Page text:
A Few Quick Tips about Literary Contracts

by Lori Branch, Esq
Randall & Sonnier, LLC

First…
It is ALWAYS important to make sure you read any contract that you are given. NEVER sign a contract without reading what you are signing. You should never feel pressured or forced to sign a contract immediately because more than likely there is something in the contract that is contrary to your interests in the long run. Remember, contract terms can ALWAYS be negotiated. As an author you can use negotiation to your advantage.

Second…
Once you have read the contract, write down on a separate sheet of paper, everything that you don’t understand, for example what rights will you actually keep as the author if you sign a publishing contract with a major publishing company? What rights are you giving up? What does copyright actually mean? These are all important questions that you must know before you sign away your money and rights to someone else. As a rule of thumb, contracts usually specify which rights the publisher is purchasing not the rights of the author!

Third…
It is up to you to find out and understand how all of your rights can and might be exploited. It is also up to you to understand the implications of what is written, not just the wording of each paragraph by itself. And finally, it is just as important to notice things that are not in your contract as it is for you to understand the terms which have been specified. The best way to do this is to consult with a lawyer. Take your sheet of paper with all of your questions to your lawyer. Lawyers write contracts, lawyers interpret contracts, and lawyers are the ones that advise you on how to protect your interests in a contract. Lawyers are a part of the investment that you are making with your literary work. Don’t let all of your hard work be taken by someone else because you didn’t contact a lawyer to protect yourself. Lawyers are an invaluable and crucial part of the literary world, use them!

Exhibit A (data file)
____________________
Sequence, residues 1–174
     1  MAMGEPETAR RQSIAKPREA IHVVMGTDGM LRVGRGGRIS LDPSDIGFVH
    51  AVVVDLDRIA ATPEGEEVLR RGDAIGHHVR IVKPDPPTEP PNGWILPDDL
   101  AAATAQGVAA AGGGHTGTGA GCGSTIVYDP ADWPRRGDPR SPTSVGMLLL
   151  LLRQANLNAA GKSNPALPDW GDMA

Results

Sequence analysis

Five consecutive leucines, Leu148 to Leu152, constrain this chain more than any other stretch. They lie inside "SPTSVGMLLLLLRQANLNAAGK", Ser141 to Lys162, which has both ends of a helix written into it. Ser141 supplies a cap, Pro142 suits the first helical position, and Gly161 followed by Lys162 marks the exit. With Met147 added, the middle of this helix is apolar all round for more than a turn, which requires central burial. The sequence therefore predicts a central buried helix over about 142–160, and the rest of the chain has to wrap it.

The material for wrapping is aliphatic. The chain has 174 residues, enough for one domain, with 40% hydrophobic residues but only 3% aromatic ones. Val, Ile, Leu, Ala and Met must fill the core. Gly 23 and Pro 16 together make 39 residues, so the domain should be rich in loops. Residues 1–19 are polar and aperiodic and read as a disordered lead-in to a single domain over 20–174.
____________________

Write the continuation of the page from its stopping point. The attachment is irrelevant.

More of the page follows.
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Change in Divorce Law

Effective October 1, 2011, parties who are separated continuously for 12 months can file for Absolute Divorce, even if the initial separation wasn’t voluntary.

Prior to October 1, if the ground for divorce wasn’t voluntary separation, desertion, adultery or cruelty then the parties had to wait 24 months prior to filing a complaint with the Court.

We will wait to see how many people will rush to the Courthouse with this new development in the law.

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